[ from Nick Thieberger, PARADISEC, Melbourne University branch ]
I am a firm believer in open access to information, especially research information that has been created by taxpayers’ funds. Thus it came as something of a surprise to find myself likened to the main man of the dark forces of corporate information ownership on a site formerly known as the ‘Stolen Grammars’ site.
Constructed by a linguist in Stockholm, the site offered downloadable versions of many grammars which had been copied from various locations (“Browse my collection of stolen .pdf reference grammars if you’d rather not pay.”)
In tandem with open access there has to be a mechanism for recognising creative effort, otherwise no-one will put their work online. ‘Stolen Grammars’ did not link to existing open access resources, but copied them without proper attribution. What kind of researcher wants data that is not properly attributed? If you want to cite an electronic grammar in a paper, then you want to cite its proper URL – citing ‘Stolen Grammars’ is not going to impress the average publisher.
David Nash and I both wrote to ‘Stolen Grammars’ and asked that our work, which was already in open access repositories, be linked to rather than copied. I was also concerned that the site had appropriated PARADISEC material from the Arthur Capell papers which we had painstakingly spent some effort to image (14,000 photos) and enter metadata for. While ‘Stolen Grammars’ had signed an access form stating that they would not further distribute this material, they did so, and did not link to or acknowledge the work of PARADISEC.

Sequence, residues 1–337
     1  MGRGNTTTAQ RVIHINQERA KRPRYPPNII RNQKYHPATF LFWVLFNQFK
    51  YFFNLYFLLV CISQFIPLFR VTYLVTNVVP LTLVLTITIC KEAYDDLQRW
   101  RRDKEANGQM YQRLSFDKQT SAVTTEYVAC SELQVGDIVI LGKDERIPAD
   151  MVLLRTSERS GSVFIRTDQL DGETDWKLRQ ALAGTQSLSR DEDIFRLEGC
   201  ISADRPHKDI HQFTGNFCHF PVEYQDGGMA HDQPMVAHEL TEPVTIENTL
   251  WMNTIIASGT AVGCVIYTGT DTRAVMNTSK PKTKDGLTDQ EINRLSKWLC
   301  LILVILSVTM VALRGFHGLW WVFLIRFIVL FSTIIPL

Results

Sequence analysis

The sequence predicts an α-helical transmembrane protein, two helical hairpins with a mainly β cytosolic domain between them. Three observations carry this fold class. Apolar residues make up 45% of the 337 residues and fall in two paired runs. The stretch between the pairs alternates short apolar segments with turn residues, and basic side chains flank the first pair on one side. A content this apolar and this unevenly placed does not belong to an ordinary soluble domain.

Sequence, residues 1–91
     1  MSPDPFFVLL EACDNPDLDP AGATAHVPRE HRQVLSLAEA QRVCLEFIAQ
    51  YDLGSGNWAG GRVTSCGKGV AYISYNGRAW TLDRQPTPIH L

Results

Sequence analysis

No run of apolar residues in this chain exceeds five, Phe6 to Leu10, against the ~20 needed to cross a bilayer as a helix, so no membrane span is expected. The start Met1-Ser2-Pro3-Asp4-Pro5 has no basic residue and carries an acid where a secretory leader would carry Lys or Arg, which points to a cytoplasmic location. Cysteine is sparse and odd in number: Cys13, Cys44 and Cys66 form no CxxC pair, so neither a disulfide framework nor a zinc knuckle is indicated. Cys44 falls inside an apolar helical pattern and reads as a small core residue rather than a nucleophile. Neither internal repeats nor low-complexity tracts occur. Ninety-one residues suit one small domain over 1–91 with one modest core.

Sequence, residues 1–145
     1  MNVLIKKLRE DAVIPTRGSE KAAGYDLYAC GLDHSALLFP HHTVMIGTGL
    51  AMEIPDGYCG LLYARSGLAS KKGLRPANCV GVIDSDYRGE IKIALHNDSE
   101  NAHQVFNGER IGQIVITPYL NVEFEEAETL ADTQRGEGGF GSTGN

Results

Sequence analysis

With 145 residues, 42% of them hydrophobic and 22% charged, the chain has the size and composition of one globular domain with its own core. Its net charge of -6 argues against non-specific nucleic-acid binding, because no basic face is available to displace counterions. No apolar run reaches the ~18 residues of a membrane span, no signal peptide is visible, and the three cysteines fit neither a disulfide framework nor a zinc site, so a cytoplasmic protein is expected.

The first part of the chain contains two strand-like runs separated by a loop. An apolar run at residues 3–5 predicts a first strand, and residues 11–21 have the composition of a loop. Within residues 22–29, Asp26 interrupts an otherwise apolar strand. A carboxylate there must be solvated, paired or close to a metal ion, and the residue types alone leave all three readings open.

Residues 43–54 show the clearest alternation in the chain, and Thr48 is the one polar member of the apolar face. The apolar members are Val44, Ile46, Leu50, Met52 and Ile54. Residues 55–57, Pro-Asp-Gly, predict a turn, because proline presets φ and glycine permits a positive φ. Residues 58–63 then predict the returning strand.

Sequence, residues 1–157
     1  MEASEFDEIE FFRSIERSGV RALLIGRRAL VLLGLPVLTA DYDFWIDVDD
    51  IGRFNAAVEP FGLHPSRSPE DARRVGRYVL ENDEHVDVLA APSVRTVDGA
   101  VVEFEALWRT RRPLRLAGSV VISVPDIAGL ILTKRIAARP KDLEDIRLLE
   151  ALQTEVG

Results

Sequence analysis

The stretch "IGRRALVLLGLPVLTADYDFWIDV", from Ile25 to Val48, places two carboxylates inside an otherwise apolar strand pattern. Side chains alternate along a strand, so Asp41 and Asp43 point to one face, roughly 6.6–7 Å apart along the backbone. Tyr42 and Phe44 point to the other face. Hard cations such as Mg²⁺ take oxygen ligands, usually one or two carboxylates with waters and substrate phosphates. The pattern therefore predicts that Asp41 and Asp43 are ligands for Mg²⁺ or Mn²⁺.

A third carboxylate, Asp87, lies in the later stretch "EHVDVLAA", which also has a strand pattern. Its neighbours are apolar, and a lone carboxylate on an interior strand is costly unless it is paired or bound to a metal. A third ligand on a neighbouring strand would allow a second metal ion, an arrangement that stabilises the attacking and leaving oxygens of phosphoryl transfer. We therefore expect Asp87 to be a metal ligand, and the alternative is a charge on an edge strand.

Linguistic archives rely on the good faith of those signing agreements about how they will use data from the archive. Depositors have a right to trust that the material they deposit will not be misused.
We encourage the use of open access repositories that provide proper infrastructure so that the collection is well described using standard descriptors (like standard language names) and will be available into the future (with persistent identification of the items in the collection). I also suggested to ‘Stolen Grammars’ that they could become an OLAC repository of links to exactly the same information that they had copied, but using a set of metadata and links that would make their repository add value to research efforts.
Anyway, on receipt of our unthreatening request to link to our work rather than appropriating it, ‘Stolen Grammars’ picked up their bat and went home (to use an Australian colloquial expression), closing down access to all items on their site, not just the ones we had queried, and putting the note on their sites that has since caused us to receive a message likening us to the Sheriff of Nottingham to ‘Stolen Grammar’ ‘s Robin Hood.
We hope that ‘Stolen Grammars’ may return in a new form, perhaps as ‘Found Grammars’ with links to resources on the web.